Gottfried August Homilius, now considered the greatest cantor of Dresden's Kreuzchor, was, for a while a student of Johann Sebastian Bach. A composer of music for the church, and a great organist, he was described, in 1790, as 'one of the greatest and worthiest organists alive.'
While Homilius's name is found on only one score for this passion, stylistic criteria make it almost certain that he wrote this music. This St. Matthew Passion closely resembles Bach's passions - it contains choral movements, recitatives and arias with orchestral accompaniment, and tells the story of the Passion in the same way as was done in churches all over Germany in the 18th century. However, Homilius uses many more short sections with recitative (a total of 89 pieces altogether - most less than one minute long), but his arias are generally much longer than those in Bach's passions and cantatas.
The work of another relatively new antiquarian group, the Akademie fur Alte Musik Berlin, is altogether more interesting. Performing with no set director and alternating concertmasters, the academy applies fuller instrumentation to the suites and takes a compleatist approach to repeats(Harmonia Mundi).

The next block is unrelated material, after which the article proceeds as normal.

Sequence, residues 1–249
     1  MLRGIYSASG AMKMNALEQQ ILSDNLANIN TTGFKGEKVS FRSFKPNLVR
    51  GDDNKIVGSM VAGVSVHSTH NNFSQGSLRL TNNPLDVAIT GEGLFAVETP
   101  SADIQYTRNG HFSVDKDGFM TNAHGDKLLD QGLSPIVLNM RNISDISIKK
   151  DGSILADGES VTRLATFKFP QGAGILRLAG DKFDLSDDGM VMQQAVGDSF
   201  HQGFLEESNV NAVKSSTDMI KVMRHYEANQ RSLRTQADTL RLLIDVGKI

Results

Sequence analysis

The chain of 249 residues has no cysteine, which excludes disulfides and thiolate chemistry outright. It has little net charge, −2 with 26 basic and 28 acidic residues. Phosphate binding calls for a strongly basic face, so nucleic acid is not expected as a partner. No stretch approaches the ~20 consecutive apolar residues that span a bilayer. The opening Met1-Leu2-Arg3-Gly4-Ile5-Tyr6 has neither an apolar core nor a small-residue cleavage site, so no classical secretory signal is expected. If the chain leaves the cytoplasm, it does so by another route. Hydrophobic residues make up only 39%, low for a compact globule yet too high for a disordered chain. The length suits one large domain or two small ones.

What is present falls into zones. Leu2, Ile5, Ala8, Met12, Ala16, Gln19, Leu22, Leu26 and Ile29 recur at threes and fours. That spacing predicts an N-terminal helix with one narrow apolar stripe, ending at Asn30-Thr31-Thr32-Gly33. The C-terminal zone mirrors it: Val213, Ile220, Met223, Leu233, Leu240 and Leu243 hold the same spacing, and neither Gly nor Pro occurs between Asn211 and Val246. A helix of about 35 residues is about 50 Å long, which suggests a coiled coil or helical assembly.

Johann Mattheson gained lasting renown as a music writer with his two main works Die musikalische Ehrenpforte and Der vollkommene Kapellmeister, with the latter representing a foundational writing on cultural politics, musical aesthetics, and compositional practice in the first half of the eighteenth century. Mattheson was also himself a composer and experienced his most productive phase in this capacity during his years as cathedral music director at the Hamburg Cathedral (1715-28). He wrote twenty-four oratorios and other works for the cathedral music until increasing deafness forced him to resign from his post. That Mattheson is not at all known as a composer certainly has to do with the fact that a considerable portion of his compositional oeuvre was regarded as lost until 1998, when some works were rediscovered in a war evacuation depot in Erivan (Yerevan), Armenia. These works include Der liebreiche und geduldige David (The Loving and Patient David) of 1723, one of Mattheson’s last oratorios. It reveals him to us as a dramatically well-versed, highly imaginative musician who more than deserves his personal renaissance. cpo vows to take up his cause!